Women in Fund Management

Return on Diversity: A Study of Diversity in the Boardroom 2012

 Women are bringing a much needed source of emotional intelligence to the top table and as a result improving a board's ability to innovate, make consensual decisions and connect with customers and staff. This is according to a survey by Inspire, the business network for senior board level women supported by Harvey Nash.

The survey, completed by 326 board-level executives across 19 countries and part of Inspire's Return on Diversity report, revealed that almost two-thirds of respondents (64%) believe women are bringing a greater level of emotional intelligence (EI) to the board which in turn brings greater cultural understanding (91% believed better EI boosted the board's ability in this area), better board consensus (80%) and greater creativity and innovation (75%).

(From the press release)

URL: 
http://media.harveynash.com/uk/mediacentre/inspire_survey.pdf

Discussion Paper - Deutsche Bundesbank: Executive board composition and bank risk taking

 Little is known about how socioeconomic characteristics of executive teams affect corporate governance in banking. Exploiting a unique dataset, we show how age, gender, and education composition of executive teams affect risk taking of financial institutions. First, we establish that age, gender, and education jointly affect the variability of bank performance. Second, we use
difference-in-difference estimations that focus exclusively on mandatory executive retirements and find that younger executive teams increase risk taking, as do board changes that result in a higher proportion of female executives. In contrast, if board changes increase the representation of executives holding Ph.D. degrees, risk taking declines.

URL: 
http://www.bundesbank.de/download/volkswirtschaft/dkp/2012/201203dkp.pdf

theFIT Report on Workplace Culture

 Women work longer days and report working more often on vacation than their male counterparts. Yet, women also report greater perceived satisfaction with their compensation, according to new data released today in theFIT’s first Report on Workplace Culture. Fifty- four percent of women report working nine or more hours a day, compared to 41 percent of men. The report includes survey data from over 5,000 U.S. employees.

URL: 
http://www.thefit.com/images/theFITReportonWorkplaceCulture.pdf

Alternative Perspectives: a seat on the Board

Since Lord Davies’ independent review of women on boards a year ago (February 2011), the impetus to seek out female talent for the boardroom has never been greater. FTSE 100 companies appointed 26 women to their boards in the first eight months of 2011, a jump by 227% from the whole of 2010. Of these 26 appointments, 31% were women with financial services backgrounds, i.e. the most in-demand demographic.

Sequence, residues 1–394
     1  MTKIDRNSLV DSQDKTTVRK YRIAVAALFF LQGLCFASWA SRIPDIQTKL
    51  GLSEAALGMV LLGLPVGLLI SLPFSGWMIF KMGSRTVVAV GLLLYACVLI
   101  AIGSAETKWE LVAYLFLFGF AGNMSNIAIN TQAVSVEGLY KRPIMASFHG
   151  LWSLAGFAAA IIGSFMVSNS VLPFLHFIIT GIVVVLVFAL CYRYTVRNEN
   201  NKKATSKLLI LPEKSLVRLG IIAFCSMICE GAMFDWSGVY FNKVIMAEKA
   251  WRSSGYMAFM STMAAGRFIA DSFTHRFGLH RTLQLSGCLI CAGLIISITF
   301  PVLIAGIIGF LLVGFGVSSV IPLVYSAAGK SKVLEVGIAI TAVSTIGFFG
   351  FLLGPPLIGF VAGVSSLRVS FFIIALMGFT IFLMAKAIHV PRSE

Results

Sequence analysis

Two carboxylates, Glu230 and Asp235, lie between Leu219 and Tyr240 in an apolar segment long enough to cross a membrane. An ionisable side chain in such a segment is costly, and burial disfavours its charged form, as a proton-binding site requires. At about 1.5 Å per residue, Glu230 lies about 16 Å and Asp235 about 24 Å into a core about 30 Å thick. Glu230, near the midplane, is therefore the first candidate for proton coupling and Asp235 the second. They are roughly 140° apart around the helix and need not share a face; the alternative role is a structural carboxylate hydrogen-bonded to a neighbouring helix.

This paper considers why women from the world of alternative investments could be appropriate for publicly quoted corporate boards. Working with senior members of 100 Women in Hedge Funds, we have conducted a study into the potential among women in alternatives for board. Of the 100 participants, 85% felt they were ready for a corporate board role within five years or less and 58% within two years or less.

URL: 
http://www.odgersberndtson.co.uk/gb/news-knowledge/knowledge-insight/article/alternative-perspectives-a-seat-on-the-board-4875/

The American Express OPEN State Of Women-Owned Businesses Report

 Over the past 14 years, the number of women-owned businesses has grown at a rate that exceeds the national average—one and a half times the national average to be exact. The release of the latest business statistics in December 2010 by the U.S. Census Bureau allows for an updated analysis of trends. This new investigation reveals a slowdown in this growth of the number of women-owned businesses as well as a lag in employment and revenue growth—but not where you might think. New statistics on firm size, sales, revenue and employment trends can help inform future business planning, public policy development and entrepreneurial support activities. The State of Women-Owned Businesses Report also highlights some of the issues preventing women-owned businesses from reaching their full potential. 

URL: 
http://www.openforum.com/idea-hub/topics/innovation/article/the-american-express-open-state-of-women-owned-businesses-report-american-express-open

Women in Banking

 Politicians and employers recognise that gender should be no barrier to career progression. Yet women continue to be under-represented at senior levels across the UK, particularly in the banking sector.

 
Research by the Institute of Leadership & Management, sponsored by RBS, investigates why so few women are promoted to senior management positions in banking and identifies the challenges they face. The report also propose solutions for the future.
URL: 
http://www.i-l-m.com/research-and-comment/womeninbanking.aspx

The Cranfield FTSE Female Index

 Since 1999, the annual Female FTSE benchmarking report has provided a regular measure of the number of women executive directors on the corporate boards of the UK's top 100 companies.

 
The Female FTSE Index is announced each year in November, and attracts considerable press attention in the UK and internationally. The study was hosted at the Chancellor of the Exchequer's offices at No. 11 Downing Street in 2004. Reports are available from 2001 onwards. The Index is incorporated in the Reports.
URL: 
http://www.som.cranfield.ac.uk/som/ftse
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